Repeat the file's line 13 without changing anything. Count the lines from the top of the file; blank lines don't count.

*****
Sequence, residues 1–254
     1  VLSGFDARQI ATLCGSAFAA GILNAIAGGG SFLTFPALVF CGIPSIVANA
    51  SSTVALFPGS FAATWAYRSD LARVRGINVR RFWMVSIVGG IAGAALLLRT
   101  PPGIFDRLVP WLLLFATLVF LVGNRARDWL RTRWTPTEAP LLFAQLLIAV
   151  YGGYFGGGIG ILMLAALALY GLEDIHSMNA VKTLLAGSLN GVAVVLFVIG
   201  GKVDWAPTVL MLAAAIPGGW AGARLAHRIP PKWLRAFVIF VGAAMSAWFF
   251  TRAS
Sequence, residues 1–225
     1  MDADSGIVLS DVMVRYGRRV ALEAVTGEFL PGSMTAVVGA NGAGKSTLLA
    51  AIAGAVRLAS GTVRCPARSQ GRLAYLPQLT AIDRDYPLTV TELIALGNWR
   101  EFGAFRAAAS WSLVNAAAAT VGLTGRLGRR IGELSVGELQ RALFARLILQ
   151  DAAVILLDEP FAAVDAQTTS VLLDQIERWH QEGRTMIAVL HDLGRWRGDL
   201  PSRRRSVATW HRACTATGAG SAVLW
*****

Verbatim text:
   201  PSRRRSVATW HRACTATGAG SAVLW